The seemingly endless options afforded by Netflix are a blessing and a curse. Though you might find something to watch eventually, you might also just end up spending an hour scrolling through movies without settling on anything at all.
To help minimize scrolling time — and maybe bring some underseen gems to your attention — we’ve put together a rolling list of the best movies on Netflix. We’ve got everything from Oscar-winners to recent hits to peak action movies and no-holds-barred comedies, so close your eyes and throw a dart (not literally), and give whatever you land on a shot. We promise it’ll be worth the watch.
For more recommendations, read our list of The Best Movies of 2018
The Assassin (2015)
If you like your wuxia artful, methodical and meditative-to-a-near-breaking-point, you must behold this low-key masterpiece by Hou Hsiao-Hsien (Three Times). The film centers on Nie (Shu Qui), who was kidnapped as a girl, trained by a martial-arts-wielding nun and is now a precision killer of government marks. When Nie begins to question her ways, she’s thrust into an assassination plot designed to prey on her traumatic history and rattle the senses. The Assassin isn’t a bloody affair, nor is it even a Crouching Tiger crowd-pleaser — so set expectations. Hou Hsiao-Hsien aims for something more painterly, more devourable, and a rare Netflix movie that can’t simply play in the background.
Black Panther (2018)
What can we say? Of all the Marvel movies added to Netflix since Disney struck a licensing deal, Ryan Coogler’s political odyssey is the one we keep revisiting (over the longest year of all time — this movie came out in February!). Since Disney Plus streaming service will eventually snatch it away, we’ll bang the drum for Chadwick Boseman’s model hero T’Challa, Michael B. Jordan’s sympathetic-yet-brutal Kilmonger, Danai Gurira’s breakout badassery as Okoye, and of course, Letitia Wright’s Shuri, who needs a screen-time promotion in Avengers 4. More big-budget afrofuturism, please.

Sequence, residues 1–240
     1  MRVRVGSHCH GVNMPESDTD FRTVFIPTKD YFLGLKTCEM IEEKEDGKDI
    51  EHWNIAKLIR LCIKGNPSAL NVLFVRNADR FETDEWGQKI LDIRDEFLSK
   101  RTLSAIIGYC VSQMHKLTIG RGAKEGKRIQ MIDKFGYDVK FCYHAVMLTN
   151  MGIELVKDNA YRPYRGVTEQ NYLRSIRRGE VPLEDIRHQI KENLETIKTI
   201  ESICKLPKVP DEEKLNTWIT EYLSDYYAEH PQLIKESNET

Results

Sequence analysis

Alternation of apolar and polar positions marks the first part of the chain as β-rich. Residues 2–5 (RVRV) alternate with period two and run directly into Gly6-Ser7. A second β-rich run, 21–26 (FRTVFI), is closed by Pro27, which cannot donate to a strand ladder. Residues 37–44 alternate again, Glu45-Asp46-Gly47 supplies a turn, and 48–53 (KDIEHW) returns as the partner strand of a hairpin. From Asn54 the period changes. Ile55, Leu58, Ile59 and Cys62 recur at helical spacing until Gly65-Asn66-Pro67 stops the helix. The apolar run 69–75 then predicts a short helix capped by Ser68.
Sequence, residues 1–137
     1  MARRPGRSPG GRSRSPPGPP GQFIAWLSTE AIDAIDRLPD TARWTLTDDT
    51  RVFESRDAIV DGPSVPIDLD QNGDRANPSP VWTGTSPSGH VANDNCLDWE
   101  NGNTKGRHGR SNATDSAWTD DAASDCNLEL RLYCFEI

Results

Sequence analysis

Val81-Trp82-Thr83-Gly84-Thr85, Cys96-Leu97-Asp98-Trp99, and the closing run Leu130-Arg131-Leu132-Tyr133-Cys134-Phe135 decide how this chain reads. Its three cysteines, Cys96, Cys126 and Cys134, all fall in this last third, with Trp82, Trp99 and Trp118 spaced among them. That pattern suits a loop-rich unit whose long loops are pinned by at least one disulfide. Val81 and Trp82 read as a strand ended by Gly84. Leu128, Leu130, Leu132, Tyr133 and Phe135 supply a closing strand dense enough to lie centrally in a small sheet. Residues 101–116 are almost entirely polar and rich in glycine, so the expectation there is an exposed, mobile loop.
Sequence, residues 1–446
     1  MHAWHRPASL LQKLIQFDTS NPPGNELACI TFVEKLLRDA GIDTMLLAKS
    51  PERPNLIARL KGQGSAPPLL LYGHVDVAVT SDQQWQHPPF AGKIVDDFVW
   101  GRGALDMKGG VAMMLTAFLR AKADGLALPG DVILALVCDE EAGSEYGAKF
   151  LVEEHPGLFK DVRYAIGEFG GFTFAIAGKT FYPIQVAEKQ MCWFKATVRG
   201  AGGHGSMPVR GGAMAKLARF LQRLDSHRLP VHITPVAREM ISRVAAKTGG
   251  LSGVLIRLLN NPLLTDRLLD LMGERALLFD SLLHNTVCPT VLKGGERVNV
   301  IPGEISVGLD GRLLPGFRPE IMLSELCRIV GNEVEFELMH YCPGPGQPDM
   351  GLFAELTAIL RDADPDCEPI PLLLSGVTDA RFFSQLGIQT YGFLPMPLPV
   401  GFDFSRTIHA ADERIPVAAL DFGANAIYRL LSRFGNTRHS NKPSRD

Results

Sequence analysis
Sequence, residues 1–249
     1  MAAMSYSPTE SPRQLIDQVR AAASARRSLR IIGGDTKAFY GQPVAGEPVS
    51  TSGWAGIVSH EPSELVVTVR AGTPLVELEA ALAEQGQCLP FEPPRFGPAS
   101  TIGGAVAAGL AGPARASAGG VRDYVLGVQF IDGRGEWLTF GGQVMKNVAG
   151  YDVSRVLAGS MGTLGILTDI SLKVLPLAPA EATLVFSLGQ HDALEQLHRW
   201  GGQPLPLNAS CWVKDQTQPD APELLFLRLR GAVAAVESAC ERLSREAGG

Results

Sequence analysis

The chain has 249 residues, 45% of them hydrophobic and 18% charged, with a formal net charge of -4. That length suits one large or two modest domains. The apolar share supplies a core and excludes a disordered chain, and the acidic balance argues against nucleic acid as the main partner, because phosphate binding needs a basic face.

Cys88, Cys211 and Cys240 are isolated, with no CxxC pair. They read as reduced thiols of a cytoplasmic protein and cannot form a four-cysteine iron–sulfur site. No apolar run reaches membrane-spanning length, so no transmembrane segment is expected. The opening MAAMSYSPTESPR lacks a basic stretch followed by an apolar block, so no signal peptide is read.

Boogie Nights (1997)
Paul Thomas Anderson shifted to a more piercing, performance-driven style in recent films like The Master and Phantom Thread, but this roaming look at the porn industry, however much a nod to Scorsese and Altman it may be, remains a hell of a picture. Like a faux biopic, Boogie Nights chronicles the life and times of Dirk Diggler, a high school dropout who skyrockets as a pornographic leading man. But having a big dick does not automatically grant a person big dick energy, as Dirk learns the hard way when cocaine, the ‘80s and Anderson’s probing character enter his orbit.
The Castle of Cagliostro (1979)
Before Hayao Miyazaki’s string of instant, Studio Ghibli classics, the animator took a crack at bringing to life one of Japan’s most famous manga characters: Arsène Lupin III. The Castle of Cagliostro finds the gentleman thief caught up in a counterfeiting scheme and looking to enact revenge. While Miyazaki’s sense of whimsy and natural wonder is mostly absent from his debut feature, his taste for spry, fluid movement remains, bringing to life gun fights, car chases and other Bond-like action.
Chicken Run (2000)
Chicken Run, which tells the tale of a bunch of chickens trying to fly the coop, is one of the strangest works to come out of stop motion titan Aardman Studios (best known for Wallace and Gromit), and also one of the best. Staged like an old WWII prison escape movie — with the stakes to match, as the farm is converting from selling eggs to meat — the film quickly gets into much more harrowing territory than its cute character designs might suggest. Though the chickens struggle to find their wings, the film soars, and holds the record as the highest-grossing stop motion animated film of all the time as proof of its excellence.
Children of Men (2006)
Recently, Alfonso Cuarón’s vision of the future has come to feel more on the nose than ever. Children of Men posits a future in which the world has begun to collapse, with environmental crisis and infertility threatening human extinction, and governments placing oppressive laws upon immigrants and refugees. When a young refugee named Key (Clare-Hope Ashitey) is discovered to be the first pregnant woman in almost two decades, it becomes everyman Theo’s (Clive Owen) responsibility to keep her safe.